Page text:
Hey, I’m Cecil and welcome back to The Role Play Primer. This week I’m going to tell you about getting into other RPGs out there, many of which might not have a starter set, or at least not one I’ve seen. This will include some more niche games, aimed at fans of specific universes, and just smaller and lesser known games.
First up will be a real quick one. GURPS, which stands for Generic Universal Role Play System, while one of the most in depth and possibly complex games I’ve ever played, also has the lowest barrier for entry rules-wise. Steve Jackson Games, the publishers of GURPS, have released what they call GURPS Ultra-lite. This is a version of the rules so stripped back that you print off one side of a4, and then do some funky folding to make a little booklet that will have most of the rules you need to play the game, when you are done with this, GURPS has supplements for almost any kind of campaign. Sci-fi with lasers and space ships? You can do that. Fantasy with dragons and magic? You can do that too, and it uses the same system, you just need to get the right supplements for it.
Next up is a personal favourite of mine, although I have only actually been able to play it twice. Paranoia.
Paranoia has recently been updated and re-released thanks to a successful kickstarter, and a starter set can be picked up containing rules for players and GMs and also an example adventure. Paranoia is a great dystopian sci-fi game set in Alpha Complex. The Complex is completely governed and overseen by The Computer. The Computer is your friend, and cares about you, however, terrorists and mutants scheme to overthrow the computer. It is your job as a loyal troubleshooter to help defend The Computer, and complete any and all missions assigned to you. You will die, but that’s fine, that’s what clones are for. Oh, by the way, you’re a terrorist and a mutant, but don’t tell anyone, because you’ll get killed. In Paranoia, other players are just as much, if not more, of a threat than many of the creatures and robots you will be facing off against, and anything that can go wrong probably will, in the most darkly hilarious way possible. You should definitely pick it up and have some fun betraying your friends and defending Friend Computer, available from Mongoose Publishing.
The last two recommendations I have are based within existing universes of other games. The first is Black Crusade, by Fantasy Flight Games. Black crusade is set in the universe of Warhammer 40,000, but rather than playing the heroes of the imperium of man, you play as agents of chaos, be that as chaos space marines, or dark mechanicus or just renegade Guardsmen. The system utilises percentile dice, so you have a clear percentage of how likely you are to accomplish something, for example in combat, your ability to shoot is based on your Ballistic Skill, which is represented by a percentage, you have to roll less than that number to succeed (barring any outside factors such as cover, distance etc.). One good thing about this system, if the person running it knows sufficient about the universe of Warhammer 40,000 then it doesn’t really matter if you do. I had a basic knowledge from playing the game years ago as a child, but I never really focused on the story, I just played with the models, The person running however used to work at Games Workshop, the creators of 40K, so he had a pretty tight grasp on most of the important goings on. This led to a very coherent campaign and some of the players and the table, as well as the GM, were able to fill us in on any important names or locations that showed up in the campaign.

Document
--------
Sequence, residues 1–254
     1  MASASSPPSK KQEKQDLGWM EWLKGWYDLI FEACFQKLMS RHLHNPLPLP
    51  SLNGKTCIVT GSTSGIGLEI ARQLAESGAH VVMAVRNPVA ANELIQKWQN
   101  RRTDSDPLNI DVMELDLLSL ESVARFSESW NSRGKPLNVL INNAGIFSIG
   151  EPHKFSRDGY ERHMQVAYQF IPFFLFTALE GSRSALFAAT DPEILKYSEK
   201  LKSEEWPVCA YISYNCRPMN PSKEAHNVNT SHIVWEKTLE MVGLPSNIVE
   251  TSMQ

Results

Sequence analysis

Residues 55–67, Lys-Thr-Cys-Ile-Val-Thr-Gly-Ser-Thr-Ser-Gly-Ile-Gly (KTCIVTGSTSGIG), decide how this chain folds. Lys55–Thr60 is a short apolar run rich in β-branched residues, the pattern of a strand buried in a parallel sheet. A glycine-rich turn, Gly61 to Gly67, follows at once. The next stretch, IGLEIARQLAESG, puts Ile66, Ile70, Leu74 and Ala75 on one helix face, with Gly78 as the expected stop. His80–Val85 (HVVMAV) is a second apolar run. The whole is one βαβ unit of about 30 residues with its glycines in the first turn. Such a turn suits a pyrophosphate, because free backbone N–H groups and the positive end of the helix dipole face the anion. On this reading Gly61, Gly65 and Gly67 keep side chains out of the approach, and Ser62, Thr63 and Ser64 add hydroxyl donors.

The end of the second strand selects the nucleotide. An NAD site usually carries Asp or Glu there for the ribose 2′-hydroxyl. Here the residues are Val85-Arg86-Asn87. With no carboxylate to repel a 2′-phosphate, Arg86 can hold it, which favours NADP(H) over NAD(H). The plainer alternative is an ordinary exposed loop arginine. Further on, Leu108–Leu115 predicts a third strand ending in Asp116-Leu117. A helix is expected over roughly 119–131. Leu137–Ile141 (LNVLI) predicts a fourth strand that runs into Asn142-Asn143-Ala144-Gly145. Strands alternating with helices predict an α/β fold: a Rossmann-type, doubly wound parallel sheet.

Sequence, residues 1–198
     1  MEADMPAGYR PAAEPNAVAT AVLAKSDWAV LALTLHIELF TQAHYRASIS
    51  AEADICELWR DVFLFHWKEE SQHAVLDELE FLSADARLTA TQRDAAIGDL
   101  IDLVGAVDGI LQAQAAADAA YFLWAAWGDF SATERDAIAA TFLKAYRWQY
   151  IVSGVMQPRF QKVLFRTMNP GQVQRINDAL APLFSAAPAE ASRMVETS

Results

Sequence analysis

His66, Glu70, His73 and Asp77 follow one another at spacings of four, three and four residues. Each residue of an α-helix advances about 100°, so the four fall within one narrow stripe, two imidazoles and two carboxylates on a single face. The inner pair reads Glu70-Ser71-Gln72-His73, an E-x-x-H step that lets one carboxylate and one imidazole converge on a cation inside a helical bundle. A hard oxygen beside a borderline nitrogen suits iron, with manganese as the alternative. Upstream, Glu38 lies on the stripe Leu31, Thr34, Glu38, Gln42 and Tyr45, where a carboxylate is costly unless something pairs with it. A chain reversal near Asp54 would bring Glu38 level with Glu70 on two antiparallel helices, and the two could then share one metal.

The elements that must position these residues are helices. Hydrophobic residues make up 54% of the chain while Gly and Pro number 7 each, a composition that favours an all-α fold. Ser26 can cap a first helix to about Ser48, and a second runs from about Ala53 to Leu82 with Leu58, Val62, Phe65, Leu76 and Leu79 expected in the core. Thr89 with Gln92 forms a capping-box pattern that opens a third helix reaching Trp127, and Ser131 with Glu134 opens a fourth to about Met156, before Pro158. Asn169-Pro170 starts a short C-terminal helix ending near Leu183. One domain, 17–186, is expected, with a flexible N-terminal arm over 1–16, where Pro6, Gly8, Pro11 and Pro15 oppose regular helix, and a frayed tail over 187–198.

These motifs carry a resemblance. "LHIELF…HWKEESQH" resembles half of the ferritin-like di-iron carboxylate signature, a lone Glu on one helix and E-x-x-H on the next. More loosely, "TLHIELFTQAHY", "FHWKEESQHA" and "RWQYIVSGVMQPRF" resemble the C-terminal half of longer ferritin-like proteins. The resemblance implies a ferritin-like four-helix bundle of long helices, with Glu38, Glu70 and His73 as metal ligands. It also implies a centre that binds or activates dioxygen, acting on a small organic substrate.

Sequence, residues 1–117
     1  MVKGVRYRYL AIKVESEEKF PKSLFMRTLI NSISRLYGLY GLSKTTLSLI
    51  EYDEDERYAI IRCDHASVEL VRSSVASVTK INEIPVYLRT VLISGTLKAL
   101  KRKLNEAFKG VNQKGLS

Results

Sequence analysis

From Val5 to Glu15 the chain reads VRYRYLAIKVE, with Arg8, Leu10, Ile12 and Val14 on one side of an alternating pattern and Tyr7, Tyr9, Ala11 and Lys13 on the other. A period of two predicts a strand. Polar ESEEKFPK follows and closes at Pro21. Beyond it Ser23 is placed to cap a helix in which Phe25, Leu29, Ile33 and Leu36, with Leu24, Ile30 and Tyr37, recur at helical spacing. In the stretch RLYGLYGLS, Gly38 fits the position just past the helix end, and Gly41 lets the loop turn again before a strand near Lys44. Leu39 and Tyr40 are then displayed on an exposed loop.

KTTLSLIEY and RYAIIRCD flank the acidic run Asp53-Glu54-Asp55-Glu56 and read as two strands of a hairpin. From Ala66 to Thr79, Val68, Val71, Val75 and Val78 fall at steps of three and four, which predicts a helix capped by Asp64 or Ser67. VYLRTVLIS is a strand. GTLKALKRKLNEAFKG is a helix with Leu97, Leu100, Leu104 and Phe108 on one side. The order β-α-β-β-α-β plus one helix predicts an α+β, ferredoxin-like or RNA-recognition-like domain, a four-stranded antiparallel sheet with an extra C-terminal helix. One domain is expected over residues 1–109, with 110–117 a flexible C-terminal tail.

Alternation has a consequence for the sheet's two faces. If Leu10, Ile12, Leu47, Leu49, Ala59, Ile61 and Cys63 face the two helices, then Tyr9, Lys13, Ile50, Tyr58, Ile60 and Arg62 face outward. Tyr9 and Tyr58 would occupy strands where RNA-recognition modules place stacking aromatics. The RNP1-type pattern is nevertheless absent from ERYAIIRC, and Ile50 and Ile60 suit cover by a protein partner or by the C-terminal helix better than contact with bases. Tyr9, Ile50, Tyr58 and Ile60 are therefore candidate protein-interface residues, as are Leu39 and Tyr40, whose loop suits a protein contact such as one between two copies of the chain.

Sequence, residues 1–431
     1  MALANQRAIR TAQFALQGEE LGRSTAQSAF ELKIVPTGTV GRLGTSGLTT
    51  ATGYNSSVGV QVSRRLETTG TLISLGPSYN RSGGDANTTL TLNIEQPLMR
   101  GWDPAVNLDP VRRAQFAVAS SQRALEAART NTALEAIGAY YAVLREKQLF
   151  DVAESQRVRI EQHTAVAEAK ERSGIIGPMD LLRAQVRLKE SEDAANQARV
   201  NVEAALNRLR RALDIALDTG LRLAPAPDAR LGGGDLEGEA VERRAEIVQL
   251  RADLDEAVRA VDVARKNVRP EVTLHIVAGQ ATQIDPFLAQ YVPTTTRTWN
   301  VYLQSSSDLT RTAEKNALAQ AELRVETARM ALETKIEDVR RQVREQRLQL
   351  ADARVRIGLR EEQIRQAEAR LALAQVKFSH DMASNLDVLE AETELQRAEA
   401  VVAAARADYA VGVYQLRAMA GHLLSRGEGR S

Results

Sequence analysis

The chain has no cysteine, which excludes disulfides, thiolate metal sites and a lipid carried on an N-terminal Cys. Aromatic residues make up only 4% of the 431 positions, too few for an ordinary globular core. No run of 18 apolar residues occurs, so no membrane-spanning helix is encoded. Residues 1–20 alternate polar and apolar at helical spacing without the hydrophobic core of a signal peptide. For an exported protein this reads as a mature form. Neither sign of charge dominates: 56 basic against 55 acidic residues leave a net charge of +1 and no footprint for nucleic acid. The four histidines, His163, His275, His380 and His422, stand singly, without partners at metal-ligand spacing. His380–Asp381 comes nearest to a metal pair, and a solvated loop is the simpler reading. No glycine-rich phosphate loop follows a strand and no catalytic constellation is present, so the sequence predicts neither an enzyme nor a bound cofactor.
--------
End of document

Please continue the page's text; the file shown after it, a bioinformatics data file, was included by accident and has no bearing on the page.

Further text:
Lastly Iron Kingdoms. Iron Kingdoms is based in the universe of Warmachine and Hordes, by Privateer Press. This game also has the luxury of being made by the creators of the game it was based from. This means that many of the rules and mechanics directly translate to the wargame, which is also very enjoyable. IK falls under some of the same strengths that Black Crusade has, in that one person who has a good enough grasp of the universe can run this fluently and keep you filled in important characters and locations.
These games don’t have to played in the universe they were developed for of course. Given enough time a creativity, and system could be adapted to almost any setting, if that’s what you really wanted. Obviously this works with GURPS because that is it’s whole selling point, but you could take Iron Kingdoms and use the system and some adaptations to run a game based within the World of Warcraft, which I have experienced, and I think it worked wonderfully.
So going forward remember, you are limited by your own imagination, not the game you are playing. Some publishers have even started developing alternative version of their games for other settings. Paizo have notably just published Starfinder, Which in short is Pathfinder in space. There are some more differences than that, but the core game is the same. Most of the differences come from pathfinder having been around for 10 years nearly, so refinements and rules that don’t make sense get to be changed out for more interesting ones.
That’s all I really have time for this week, and I’m not super sure what else can be said about these systems, because i’m not as familiar with the GM side of them as D&D and Pathfinder, but I’ll be back next week to talk about preparing a game, and the differences between creating your own world and story, or using pre-written adventures and worlds. So until then, Safe Travels, and may you always roll well.